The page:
Malignancy remained the most likely diagnosis, and a tissue diagnosis was indicated for further management; however, prior to undergoing an open biopsy and possible debulking, she suffered a non-ST-elevation myocardial infarction (MI). During recovery from the MI, she was noted to have feculent material in her urinary catheter bag. A CT scan confirmed the presence of an enterovesicular fistula. She underwent urgent exploratory laporotomy, which revealed a large dense tumor mass involving the midline periumbiical area contiguous with the bladder, intraperitoneal enteric contents, and a perforation was identified in the dome of the bladder. The bladder dome was excised and closed in the three layers. Bladder tumor and peritoneal biopsies were obtained for pathologic assessment.
The peritoneal biopsy showed invasive squamous cell carcinoma, keratinizing type. The bladder also showed invasive keratinizing squamous cell carcinoma involving the full thickness of the wall and extending into the perivesical soft tissue. The adjacent bladder mucosa showed focal squamous cell carcinoma in situ and extensive squamous metaplasia of the surrounding benign urothelium (Figure 2). Panel (a) shows an area of invasive, keratinizing squamous cell carcinoma that has infiltrated beyond the muscularis propria (detrusor muscle) and into the perivesical adipose tissue. There is an associated desmoplastic reaction to the tumor. Panel (b) demonstrates the extensive squamous metaplasia seen in the background benign urothelium. Adjacent to the invasive tumor were foci of squamous cell carcinoma in situ (Panel (c)). The combination of these findings supported the final diagnosis of primary squamous cell carcinoma of the urinary bladder.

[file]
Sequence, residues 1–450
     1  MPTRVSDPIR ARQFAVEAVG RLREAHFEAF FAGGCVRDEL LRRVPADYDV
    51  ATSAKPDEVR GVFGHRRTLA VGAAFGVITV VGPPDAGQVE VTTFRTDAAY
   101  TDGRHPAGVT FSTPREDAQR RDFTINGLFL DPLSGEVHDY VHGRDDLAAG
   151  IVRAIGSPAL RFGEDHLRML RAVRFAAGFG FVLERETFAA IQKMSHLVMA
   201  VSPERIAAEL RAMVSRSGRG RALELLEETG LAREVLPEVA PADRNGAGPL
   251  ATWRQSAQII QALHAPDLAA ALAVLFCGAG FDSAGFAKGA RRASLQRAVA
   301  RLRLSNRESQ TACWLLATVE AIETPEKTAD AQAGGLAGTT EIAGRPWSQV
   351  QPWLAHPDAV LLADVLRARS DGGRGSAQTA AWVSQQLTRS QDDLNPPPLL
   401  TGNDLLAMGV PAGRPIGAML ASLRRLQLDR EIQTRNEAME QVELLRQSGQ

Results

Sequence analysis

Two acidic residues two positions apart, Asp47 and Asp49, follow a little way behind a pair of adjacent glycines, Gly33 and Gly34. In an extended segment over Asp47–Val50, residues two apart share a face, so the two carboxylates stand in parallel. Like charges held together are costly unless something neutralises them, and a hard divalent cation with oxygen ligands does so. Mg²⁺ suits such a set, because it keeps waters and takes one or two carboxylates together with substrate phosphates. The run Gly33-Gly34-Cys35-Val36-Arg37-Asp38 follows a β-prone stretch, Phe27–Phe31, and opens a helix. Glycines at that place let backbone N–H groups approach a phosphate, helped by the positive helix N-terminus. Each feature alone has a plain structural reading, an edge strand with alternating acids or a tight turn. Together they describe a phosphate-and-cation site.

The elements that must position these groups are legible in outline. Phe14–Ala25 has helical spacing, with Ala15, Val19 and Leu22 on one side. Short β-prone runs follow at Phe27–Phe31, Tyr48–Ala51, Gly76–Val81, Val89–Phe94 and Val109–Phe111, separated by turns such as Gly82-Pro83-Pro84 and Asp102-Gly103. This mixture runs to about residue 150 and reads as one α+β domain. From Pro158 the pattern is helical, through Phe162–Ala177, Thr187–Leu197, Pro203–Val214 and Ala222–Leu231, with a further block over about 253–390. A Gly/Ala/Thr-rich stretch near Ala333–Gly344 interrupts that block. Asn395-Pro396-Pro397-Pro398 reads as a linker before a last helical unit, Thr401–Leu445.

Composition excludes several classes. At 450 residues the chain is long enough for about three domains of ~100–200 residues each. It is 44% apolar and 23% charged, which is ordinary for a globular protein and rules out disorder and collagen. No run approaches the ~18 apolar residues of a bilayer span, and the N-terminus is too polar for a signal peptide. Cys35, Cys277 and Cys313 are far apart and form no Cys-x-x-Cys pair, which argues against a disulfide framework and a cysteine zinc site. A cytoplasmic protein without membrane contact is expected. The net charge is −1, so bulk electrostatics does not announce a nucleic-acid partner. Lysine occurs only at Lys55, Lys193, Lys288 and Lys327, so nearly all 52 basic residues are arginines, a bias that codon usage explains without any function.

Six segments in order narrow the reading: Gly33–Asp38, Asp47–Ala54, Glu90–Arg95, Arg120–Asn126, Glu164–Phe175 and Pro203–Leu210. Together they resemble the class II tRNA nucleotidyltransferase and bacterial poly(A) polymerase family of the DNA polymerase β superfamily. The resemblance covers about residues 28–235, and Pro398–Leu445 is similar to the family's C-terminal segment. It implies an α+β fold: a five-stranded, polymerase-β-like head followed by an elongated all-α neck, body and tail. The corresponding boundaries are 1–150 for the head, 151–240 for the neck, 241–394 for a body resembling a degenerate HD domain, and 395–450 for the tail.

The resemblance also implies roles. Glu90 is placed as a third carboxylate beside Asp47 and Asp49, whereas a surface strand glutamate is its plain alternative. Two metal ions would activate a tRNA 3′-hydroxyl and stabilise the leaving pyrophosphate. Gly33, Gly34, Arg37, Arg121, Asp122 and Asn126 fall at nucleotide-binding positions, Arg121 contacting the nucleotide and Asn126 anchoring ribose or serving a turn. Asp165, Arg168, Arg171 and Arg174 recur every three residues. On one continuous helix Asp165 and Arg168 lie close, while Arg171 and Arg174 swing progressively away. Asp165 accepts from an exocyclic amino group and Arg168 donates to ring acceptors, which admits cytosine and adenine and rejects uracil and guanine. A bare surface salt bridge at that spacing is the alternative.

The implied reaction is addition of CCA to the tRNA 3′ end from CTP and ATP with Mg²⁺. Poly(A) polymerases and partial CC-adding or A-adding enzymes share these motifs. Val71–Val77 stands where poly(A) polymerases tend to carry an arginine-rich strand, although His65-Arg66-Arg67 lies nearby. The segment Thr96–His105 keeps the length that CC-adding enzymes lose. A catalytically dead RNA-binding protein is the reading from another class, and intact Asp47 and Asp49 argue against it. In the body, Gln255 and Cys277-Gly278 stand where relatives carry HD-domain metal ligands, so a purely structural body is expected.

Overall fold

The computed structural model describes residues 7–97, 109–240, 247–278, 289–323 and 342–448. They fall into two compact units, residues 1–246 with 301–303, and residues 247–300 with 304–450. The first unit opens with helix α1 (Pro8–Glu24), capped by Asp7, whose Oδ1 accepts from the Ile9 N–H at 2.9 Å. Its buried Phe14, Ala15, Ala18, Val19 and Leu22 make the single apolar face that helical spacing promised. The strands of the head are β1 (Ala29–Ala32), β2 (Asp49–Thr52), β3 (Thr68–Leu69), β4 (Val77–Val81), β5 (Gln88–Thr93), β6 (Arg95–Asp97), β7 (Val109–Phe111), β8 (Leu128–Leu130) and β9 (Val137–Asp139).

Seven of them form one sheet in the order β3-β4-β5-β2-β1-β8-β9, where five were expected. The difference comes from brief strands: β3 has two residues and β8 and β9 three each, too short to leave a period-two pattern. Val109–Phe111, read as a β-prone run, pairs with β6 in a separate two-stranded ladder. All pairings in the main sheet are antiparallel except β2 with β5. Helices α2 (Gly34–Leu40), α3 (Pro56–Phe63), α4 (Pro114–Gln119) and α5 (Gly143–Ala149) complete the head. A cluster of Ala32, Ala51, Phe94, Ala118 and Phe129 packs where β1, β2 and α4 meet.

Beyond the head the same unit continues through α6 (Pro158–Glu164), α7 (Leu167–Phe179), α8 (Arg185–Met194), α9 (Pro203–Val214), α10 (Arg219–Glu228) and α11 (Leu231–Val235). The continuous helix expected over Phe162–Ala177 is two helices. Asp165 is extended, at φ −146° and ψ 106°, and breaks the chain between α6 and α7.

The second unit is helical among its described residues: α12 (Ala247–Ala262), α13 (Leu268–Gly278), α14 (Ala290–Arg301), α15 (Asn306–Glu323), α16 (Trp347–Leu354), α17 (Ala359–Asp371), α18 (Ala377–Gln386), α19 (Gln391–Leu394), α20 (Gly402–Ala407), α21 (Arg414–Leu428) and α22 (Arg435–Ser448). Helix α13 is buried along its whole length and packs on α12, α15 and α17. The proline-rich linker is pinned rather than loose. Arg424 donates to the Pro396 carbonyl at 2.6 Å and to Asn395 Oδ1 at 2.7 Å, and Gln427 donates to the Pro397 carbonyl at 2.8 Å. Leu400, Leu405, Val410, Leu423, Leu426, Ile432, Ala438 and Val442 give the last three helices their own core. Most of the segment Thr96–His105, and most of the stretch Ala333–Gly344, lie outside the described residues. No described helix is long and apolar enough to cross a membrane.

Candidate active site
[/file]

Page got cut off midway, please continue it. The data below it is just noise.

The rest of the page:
Shortly after the fistula repair, she began to clinically decline with a deterioration of her mental status, worsening pain, and concern for progressive disease. The decision was made by her family not to pursue aggressive treatment. She died on hospital Day 23 and autopsy was declined.
Peritoneal carcinomatosis is a common presentation of selected advanced stage tumors, or as a later complication of disease progression or recurrence in numerous tumor types. In adult females, the most common etiology is ovarian adenocarcinoma, although carcinomas of the gastrointestinal tract, lung, or breast, or primary peritoneal carcinoma can produce this clinical syndrome. Other rarer tumor types that should be considered are cervical, endometrial, peritoneal mesothelioma, or lymphoma. In addition to looking for the primary tumor site, ascitic fluid cytology may be useful in making the diagnosis. However, the sensitivity of cytology ranges from 58–75% , depending on the number of specimens processed, the quality of the specimens, and the tumor type. Serum tumor marker elevation is common, but is nonspecific and can be misleading . Omental biopsy is often performed in patients to verify malignancy when a primary site cannot be established. Women with normal appearing ovaries, if no other apparent primary site is found, are usually considered to have primary peritoneal carcinoma .